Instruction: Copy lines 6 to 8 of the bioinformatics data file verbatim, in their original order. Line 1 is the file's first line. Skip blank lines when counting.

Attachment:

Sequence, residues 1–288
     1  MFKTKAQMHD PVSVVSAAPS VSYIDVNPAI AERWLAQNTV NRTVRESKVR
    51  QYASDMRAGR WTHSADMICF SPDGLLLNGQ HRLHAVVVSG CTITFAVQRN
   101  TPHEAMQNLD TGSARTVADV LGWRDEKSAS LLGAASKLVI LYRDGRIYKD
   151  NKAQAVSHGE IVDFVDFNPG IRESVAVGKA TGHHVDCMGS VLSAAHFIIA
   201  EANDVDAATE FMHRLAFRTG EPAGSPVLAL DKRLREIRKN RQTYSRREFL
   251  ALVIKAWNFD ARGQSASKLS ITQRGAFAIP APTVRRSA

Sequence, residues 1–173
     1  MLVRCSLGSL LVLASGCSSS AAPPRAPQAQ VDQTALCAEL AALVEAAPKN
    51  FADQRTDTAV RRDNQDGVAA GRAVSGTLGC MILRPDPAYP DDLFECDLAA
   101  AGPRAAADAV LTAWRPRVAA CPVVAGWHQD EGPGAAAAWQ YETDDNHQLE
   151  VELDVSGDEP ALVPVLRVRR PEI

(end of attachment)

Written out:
   201  EANDVDAATE FMHRLAFRTG EPAGSPVLAL DKRLREIRKN RQTYSRREFL
   251  ALVIKAWNFD ARGQSASKLS ITQRGAFAIP APTVRRSA

Sequence, residues 1–173